Whether the result of the compression will fit largely depends on the data being compressed and some tables and/or indexes may contain more compressible data than others. And so it would be nice if the compression failure rate, along with other compression stats, could be monitored on a per table or even on a per index basis, wouldn't it?

This is where the new INFORMATION_SCHEMA table in MySQL 5.6 kicks in. INFORMATION_SCHEMA.INNODB_CMP_PER_INDEX provides exactly this helpful information. It contains the



  [Read more...]
What compression do you use?
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The following is an evaluation of various compression utilities that I tested when reviewing the various options for MySQL backup strategies. The overall winner in performance was pigz, a parallel implementation of gzip. If you use gzip today as most organizations do, this one change will improve your backup compression times.

Details of the test:

  • The database is 5.4GB of data
  • mysqldump produces a backup file of 2.9GB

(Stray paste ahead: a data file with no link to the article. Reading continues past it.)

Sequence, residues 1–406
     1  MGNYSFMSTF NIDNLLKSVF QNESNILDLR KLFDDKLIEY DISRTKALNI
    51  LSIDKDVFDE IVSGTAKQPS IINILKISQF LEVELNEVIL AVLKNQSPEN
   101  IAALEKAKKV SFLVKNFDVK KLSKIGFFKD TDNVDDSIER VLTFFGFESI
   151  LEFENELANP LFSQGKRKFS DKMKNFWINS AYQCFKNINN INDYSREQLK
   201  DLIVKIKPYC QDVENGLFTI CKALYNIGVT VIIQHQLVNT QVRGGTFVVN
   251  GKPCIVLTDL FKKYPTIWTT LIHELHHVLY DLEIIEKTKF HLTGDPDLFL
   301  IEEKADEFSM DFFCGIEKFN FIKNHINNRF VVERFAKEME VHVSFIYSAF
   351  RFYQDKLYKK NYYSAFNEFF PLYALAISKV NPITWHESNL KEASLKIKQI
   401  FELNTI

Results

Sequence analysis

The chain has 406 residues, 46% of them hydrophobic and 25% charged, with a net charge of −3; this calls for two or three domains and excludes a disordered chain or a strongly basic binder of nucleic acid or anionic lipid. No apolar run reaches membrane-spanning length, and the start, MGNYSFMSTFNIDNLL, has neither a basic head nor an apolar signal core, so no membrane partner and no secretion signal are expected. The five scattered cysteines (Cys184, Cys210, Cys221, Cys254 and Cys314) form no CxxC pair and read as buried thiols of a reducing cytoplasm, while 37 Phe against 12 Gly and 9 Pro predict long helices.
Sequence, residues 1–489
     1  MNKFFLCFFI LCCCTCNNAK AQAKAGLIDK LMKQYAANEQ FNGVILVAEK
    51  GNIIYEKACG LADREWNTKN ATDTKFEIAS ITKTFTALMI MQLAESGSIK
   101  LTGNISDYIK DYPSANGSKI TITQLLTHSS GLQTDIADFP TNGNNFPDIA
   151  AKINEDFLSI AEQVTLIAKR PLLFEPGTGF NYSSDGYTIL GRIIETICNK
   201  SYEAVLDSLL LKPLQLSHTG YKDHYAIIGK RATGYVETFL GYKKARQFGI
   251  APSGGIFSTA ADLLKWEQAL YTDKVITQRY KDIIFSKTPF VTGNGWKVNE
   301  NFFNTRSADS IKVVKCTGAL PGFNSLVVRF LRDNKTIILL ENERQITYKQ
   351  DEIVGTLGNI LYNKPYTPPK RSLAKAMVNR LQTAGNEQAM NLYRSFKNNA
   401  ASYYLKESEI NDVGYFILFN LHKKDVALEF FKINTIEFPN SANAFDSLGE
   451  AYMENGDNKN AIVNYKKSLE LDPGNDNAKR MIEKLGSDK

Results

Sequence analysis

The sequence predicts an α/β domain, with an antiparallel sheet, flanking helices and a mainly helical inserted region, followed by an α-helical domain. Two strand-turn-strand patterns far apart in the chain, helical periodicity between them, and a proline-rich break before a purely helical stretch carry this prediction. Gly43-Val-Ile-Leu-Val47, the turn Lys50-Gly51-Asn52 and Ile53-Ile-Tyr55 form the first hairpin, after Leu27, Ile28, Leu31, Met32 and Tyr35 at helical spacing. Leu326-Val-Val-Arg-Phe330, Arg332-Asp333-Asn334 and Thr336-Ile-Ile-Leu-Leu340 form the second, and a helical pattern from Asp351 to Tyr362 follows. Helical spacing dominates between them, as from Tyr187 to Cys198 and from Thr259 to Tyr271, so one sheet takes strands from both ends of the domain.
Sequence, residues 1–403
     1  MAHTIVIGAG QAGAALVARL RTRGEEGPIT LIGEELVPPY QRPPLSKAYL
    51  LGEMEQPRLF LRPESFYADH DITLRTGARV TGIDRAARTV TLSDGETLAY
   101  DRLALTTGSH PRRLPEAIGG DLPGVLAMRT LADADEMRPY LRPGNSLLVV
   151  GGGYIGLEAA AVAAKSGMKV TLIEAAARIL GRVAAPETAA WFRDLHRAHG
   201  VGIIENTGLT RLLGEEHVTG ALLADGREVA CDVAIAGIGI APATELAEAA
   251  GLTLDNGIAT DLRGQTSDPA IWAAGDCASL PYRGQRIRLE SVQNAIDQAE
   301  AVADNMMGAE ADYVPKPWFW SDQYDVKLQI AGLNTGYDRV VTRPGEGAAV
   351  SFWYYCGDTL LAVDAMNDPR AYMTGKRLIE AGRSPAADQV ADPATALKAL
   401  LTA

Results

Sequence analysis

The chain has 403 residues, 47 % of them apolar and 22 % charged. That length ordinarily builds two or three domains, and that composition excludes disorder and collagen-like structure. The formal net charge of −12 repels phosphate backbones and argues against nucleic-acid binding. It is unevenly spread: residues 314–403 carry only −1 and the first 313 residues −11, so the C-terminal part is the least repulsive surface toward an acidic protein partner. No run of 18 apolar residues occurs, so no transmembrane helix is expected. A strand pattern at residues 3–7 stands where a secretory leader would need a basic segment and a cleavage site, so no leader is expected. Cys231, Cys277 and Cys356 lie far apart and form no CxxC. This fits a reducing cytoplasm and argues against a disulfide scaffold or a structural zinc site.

• The server is an AWS t1.xlarge with a dedicated EBS volume for backups

The following testing was performed to compare the time and % compression savings of various available open source products. This was not an exhaustive test with multiple iterations and different types of data files.

Compression
Utility Compression Time
(sec) Decompression Time
(sec) New Size
(% Saving) lzo



  [Read more...]
TokuDB v6.0: Even Better Compression
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A key feature of our new TokuDB v6.0 release, which I have been blogging about this week, is compression. Compression is always on in TokuDB, and the compression we’ve achieved in the past has been quite good. See a previous post on the 18x compression achieved by TokuDB v5.0 on one benchmark. In our latest release, we’ve updated the way compression works and got 50% improvement on compression.